The Alamo Under Siege
True West|March 2019
The Alamo Under Siege

Gary Foreman has fought a lonely battle over the decades—and may be about to win the war.

Mark Boardman

For many baby boomers, the lasting image of the Alamo comes from the ’50s. The 1950s. Fess Parker is the title character in Davy Crockett: King of the Wild Frontier. And the last view we have of him—Davy is on the roof of the church, out of bullets, swinging his rifle “Old Betsy” as a club, bravely (and futilely) holding off the Mexican hordes.

Ignore the fact that Davy didn’t die on the roof; there was no roof on the church (and no hump on the façade, either). Davy’s last stand was the symbol of heroism and the fight for freedom. And that church was the Alamo.

Gary Foreman was one of the boomers who saw that show. Like so many, he was enthralled by the story and the place. Little did he know, at the time, that the Alamo would take a central point in his life—that, in a figurative sense, he’d be making his own stand against ignorance and political and bureaucratical quagmires.

It really kicked in nearly 27 years after the Disney program.

A Taxicab Epiphany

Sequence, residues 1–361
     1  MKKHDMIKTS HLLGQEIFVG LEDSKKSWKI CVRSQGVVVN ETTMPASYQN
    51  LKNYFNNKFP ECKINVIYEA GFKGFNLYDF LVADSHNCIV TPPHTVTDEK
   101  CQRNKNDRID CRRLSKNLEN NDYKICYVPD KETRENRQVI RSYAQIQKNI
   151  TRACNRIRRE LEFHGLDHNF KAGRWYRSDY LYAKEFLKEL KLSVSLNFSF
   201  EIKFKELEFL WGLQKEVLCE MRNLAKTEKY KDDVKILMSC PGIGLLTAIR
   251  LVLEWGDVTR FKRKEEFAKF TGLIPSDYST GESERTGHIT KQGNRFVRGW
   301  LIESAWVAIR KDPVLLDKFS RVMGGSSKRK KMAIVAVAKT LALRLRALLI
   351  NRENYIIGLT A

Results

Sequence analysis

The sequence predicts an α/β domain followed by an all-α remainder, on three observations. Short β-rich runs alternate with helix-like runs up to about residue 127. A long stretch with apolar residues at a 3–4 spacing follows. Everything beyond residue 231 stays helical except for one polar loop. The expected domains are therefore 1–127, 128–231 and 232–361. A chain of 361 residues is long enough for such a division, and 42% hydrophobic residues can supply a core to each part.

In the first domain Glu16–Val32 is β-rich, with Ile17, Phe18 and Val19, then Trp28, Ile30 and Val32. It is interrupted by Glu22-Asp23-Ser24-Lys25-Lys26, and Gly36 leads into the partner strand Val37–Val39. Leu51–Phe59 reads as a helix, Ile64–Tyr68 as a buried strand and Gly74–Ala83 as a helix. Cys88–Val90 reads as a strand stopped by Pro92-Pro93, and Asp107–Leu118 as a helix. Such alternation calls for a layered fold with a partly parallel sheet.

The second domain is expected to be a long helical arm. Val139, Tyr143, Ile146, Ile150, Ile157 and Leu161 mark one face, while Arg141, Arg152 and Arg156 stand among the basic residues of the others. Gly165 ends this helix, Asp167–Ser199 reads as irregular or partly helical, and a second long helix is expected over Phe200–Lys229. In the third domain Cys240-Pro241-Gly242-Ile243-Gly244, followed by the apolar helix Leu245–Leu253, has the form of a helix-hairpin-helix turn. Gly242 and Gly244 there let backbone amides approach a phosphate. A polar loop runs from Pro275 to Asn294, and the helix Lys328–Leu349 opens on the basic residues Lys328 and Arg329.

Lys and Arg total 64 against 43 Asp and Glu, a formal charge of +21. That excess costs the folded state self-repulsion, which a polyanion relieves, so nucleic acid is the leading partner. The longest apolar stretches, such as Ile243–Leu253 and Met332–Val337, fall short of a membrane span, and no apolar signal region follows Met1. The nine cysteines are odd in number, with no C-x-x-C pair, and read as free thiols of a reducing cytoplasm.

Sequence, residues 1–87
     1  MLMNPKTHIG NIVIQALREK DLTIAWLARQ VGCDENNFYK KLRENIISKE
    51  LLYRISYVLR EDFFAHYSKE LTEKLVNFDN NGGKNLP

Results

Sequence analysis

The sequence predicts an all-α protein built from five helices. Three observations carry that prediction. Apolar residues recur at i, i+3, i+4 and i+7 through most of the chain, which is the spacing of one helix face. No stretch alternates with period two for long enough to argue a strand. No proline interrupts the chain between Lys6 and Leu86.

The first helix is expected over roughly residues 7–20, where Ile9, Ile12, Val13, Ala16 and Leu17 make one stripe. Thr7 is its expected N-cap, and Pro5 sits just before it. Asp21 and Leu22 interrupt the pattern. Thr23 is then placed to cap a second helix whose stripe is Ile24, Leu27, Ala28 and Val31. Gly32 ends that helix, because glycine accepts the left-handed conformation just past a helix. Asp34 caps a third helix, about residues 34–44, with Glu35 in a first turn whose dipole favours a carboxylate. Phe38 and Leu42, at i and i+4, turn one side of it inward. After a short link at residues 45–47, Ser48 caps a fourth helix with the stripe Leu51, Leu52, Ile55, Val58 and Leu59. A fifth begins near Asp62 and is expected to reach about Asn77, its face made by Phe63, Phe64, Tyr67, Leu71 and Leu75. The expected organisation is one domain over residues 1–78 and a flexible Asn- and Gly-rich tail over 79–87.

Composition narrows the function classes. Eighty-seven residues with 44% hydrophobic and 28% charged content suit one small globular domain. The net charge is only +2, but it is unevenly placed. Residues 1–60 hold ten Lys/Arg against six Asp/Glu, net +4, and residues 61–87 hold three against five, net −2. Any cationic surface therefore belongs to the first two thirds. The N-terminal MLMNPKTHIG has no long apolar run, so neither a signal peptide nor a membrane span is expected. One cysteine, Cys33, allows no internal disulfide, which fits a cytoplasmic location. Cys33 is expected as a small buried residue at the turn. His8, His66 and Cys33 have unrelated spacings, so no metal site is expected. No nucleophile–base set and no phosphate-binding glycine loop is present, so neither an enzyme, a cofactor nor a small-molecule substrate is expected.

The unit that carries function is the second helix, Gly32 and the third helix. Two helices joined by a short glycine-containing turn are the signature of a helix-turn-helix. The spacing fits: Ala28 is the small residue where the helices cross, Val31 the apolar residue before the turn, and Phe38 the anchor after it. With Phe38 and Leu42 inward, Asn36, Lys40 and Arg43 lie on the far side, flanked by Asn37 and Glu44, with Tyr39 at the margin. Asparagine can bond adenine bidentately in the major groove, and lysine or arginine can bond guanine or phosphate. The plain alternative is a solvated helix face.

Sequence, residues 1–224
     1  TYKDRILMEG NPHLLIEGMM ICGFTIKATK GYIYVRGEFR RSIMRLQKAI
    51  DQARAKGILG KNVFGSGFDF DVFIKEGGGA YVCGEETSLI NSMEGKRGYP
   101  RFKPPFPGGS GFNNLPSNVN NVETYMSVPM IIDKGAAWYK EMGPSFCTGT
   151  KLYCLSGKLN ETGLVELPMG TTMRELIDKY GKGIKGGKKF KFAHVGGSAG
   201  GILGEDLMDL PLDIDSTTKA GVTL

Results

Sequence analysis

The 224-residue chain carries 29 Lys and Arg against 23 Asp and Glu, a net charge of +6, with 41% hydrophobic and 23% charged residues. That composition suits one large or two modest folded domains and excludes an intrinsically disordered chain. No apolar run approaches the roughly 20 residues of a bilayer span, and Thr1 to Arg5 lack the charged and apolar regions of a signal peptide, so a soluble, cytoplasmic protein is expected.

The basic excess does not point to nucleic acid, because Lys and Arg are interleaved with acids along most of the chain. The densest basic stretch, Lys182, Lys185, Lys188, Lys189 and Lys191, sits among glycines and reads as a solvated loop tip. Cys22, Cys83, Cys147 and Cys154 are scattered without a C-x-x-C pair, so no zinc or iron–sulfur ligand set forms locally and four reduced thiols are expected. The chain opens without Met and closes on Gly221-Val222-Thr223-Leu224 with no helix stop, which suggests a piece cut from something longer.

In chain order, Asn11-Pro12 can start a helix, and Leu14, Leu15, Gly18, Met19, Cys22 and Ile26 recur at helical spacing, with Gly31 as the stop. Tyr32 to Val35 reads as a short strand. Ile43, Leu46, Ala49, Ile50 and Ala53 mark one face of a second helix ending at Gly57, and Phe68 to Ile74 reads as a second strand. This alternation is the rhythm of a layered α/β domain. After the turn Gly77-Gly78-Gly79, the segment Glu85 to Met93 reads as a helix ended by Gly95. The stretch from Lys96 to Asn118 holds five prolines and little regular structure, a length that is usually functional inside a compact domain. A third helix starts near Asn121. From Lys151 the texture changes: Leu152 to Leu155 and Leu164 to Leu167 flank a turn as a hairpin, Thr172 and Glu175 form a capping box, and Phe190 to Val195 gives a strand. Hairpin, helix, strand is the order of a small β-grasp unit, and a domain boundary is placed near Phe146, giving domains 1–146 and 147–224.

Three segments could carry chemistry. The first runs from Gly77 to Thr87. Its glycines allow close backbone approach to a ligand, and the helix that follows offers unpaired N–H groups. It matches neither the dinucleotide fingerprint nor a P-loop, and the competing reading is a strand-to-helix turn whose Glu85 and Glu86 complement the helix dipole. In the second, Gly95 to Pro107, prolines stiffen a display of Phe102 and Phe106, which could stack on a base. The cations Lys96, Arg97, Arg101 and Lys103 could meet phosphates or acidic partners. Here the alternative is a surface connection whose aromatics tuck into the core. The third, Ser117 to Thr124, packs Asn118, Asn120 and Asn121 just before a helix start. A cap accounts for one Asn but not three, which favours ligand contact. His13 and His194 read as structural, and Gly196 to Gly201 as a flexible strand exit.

“There was one precise moment in time—April 3, 1982—I was photographing the Alamo Church while standing in the street directly in front (it was open to traffic then) and I was almost plowed over by a taxi, forcing me to jump to the curb. When I got up to comprehend what happened, a voice out of nowhere told me, ‘YOU need to do this.’ Hearing that ‘voice’ changed the direction of my life.”

And the direction of the Alamo.

Foreman began serious study of the events and the place, and discovered that the historic mission was more than just the surviving church and the long barracks. The modern Alamo is just one-third of the compound from 1836.

The mission had extended dozens of yards in each direction, across now-modern streets and into newer buildings. He was angered that defenders died at spots now occupied by tourist attractions. Ripley’s Believe It or Not! Odditorium, Louis Tussad’s Wax Museum and Guinness World Records Museum stood on Alamo Plaza, directly across from the Shrine of Liberty and Cenotaph Monument.

articleRead

You can read up to 3 premium stories before you subscribe to Magzter GOLD

Log in, if you are already a subscriber

GoldLogo

Get unlimited access to thousands of curated premium stories, newspapers and 5,000+ magazines

READ THE ENTIRE ISSUE

March 2019